A seastead ocean home is shown off the coast of Thailand in this image from video.

YouTube/Seasteading

Elwartowski was an early Bitcoin investor and one of several entrepreneurs who operate Ocean Builders. Thepdet is a Bitcoin advocate from Thailand who goes by the name Nadia Summergirl.The seasteading movement has become popular among libertarian entrepreneurs, including billionaire Peter Thiel, who was an early investor in Facebook.Thiel is co-founder of the Seasteading Institute, an organization that aims to build an independent floating city off the coast of French Polynesia. The city would govern itself and use its own cryptocurrency with the intention of avoiding as much government regulation and taxes as possible. It would also be built as a haven against rising global sea levels.Ocean Builders appears to be working in concert with the Seasteading Institute. Seasteading Institute president Joe Quirk directed one of the Ocean Builders’ videos, and Elwartowski referred an interview request to the company’s press office. The Seasteading Institute did not respond to an interview request.WATCH: Here are the pros and cons of living in a floating home

Ocean Builders had planned to start collecting money for 20 new seasteads on April 15, according to its website. However, the company has postponed the collection process until it gets “everything straightened out” with the Thai government.The first 20 floating homes are expected to be sold at cost for a target price of US$150,000 to $200,000, Elwartowski wrote in a blog post on Ocean Builders’ site in February.The company says a beacon on the platform is still broadcasting from a position 13 nautical miles off the coast of Thailand.“This indicates to us that the structure is still there,” Ocean Builders wrote in a statement.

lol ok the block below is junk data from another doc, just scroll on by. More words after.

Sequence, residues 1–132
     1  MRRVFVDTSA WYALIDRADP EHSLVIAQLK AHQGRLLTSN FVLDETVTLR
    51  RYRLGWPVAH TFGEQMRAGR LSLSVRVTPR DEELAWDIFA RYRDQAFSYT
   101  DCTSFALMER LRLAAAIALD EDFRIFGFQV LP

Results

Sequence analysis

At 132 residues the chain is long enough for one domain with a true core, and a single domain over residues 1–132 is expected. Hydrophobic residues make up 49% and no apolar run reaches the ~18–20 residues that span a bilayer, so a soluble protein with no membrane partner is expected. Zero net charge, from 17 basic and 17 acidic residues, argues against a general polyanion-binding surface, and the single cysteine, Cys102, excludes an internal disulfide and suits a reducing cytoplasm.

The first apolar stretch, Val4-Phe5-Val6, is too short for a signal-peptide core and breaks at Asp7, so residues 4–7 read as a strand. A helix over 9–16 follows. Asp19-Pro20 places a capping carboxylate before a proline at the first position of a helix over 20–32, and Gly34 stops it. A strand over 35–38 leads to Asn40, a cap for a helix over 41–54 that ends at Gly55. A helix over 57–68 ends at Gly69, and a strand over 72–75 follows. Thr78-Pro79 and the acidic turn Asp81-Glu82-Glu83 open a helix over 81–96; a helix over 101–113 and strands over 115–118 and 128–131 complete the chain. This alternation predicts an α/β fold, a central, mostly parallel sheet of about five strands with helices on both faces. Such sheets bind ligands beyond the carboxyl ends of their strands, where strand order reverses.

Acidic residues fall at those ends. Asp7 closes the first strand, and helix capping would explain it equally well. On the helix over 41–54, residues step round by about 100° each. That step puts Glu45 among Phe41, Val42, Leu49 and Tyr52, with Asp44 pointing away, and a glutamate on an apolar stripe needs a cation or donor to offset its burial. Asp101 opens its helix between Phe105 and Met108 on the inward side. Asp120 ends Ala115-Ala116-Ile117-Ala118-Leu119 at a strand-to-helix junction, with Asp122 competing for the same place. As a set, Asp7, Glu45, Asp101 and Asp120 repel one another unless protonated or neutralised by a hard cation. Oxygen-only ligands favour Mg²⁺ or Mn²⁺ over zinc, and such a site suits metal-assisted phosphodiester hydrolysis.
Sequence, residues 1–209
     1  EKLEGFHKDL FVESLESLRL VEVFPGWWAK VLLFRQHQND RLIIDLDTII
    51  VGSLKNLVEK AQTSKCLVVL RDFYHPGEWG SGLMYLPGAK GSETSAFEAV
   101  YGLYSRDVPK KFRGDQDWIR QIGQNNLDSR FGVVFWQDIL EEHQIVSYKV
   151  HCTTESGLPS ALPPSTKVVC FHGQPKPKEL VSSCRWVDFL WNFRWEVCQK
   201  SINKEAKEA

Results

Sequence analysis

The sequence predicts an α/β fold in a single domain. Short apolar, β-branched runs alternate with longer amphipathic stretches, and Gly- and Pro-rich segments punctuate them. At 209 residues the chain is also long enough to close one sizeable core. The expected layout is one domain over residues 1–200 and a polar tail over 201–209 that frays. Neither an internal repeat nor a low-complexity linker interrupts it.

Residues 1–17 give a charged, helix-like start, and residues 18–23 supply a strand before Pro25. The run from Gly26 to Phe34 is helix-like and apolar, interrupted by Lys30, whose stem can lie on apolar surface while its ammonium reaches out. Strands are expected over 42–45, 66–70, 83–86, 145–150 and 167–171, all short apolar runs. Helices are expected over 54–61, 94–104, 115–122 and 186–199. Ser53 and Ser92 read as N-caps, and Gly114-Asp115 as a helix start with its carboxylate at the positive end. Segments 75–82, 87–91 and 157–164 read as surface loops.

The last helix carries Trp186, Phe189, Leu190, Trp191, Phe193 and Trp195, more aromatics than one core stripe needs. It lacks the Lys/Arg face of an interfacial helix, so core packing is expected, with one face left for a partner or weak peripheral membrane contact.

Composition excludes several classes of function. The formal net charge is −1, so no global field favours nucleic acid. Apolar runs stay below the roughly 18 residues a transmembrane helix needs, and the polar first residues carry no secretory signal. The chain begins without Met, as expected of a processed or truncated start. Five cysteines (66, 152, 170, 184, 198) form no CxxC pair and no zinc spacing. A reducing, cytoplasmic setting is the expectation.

© 2019 Global News, a division of Corus Entertainment Inc.
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Moonday Mornings: Binance to resume deposits and withdrawals after $40M Bitcoin hack

It’s time for Moonday Mornings, Hard Fork’s wrap-up of the weekend’s top cryptocurrency and blockchain headlines. Here’s what happened. 1. Binance says it will resume deposits and withdrawals on its platform on Tuesday. The cryptocurrency exchange had suspended the functions following an attack in which hackers stole over $40 million worth of Bitcoin. 2. The…

Moonday Mornings: Binance to resume deposits and withdrawals after $40M Bitcoin hack